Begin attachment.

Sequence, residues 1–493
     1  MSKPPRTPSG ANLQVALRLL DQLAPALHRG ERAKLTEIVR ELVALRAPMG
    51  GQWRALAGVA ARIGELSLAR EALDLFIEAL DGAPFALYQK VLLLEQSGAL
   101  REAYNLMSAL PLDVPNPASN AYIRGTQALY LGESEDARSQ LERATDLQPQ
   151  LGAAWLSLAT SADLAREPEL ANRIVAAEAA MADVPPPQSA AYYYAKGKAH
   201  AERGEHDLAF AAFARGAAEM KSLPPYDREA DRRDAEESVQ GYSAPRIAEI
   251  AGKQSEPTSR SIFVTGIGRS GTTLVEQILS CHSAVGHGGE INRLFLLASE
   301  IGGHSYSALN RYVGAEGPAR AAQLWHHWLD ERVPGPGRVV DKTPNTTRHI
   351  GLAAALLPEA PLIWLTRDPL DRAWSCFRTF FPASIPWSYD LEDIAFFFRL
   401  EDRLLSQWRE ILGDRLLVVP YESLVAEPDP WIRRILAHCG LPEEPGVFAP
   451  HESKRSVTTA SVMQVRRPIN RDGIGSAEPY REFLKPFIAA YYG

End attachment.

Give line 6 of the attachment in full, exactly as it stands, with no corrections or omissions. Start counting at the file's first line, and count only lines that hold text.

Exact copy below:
   201  AERGEHDLAF AAFARGAAEM KSLPPYDREA DRRDAEESVQ GYSAPRIAEI